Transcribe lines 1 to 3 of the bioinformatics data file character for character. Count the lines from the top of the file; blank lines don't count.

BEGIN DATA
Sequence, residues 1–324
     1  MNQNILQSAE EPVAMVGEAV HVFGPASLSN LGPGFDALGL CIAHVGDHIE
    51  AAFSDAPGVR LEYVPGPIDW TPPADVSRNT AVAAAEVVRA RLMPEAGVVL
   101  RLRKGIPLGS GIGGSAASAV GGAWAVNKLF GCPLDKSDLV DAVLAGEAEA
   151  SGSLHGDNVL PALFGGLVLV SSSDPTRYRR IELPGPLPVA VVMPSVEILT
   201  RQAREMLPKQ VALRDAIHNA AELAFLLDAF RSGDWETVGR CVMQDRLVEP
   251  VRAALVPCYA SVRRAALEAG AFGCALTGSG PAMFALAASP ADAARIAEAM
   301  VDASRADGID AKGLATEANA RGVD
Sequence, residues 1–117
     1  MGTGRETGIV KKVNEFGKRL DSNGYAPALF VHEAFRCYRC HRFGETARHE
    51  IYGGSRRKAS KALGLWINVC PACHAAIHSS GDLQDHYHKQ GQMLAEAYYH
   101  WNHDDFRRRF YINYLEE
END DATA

Sequence, residues 1–324
     1  MNQNILQSAE EPVAMVGEAV HVFGPASLSN LGPGFDALGL CIAHVGDHIE
    51  AAFSDAPGVR LEYVPGPIDW TPPADVSRNT AVAAAEVVRA RLMPEAGVVL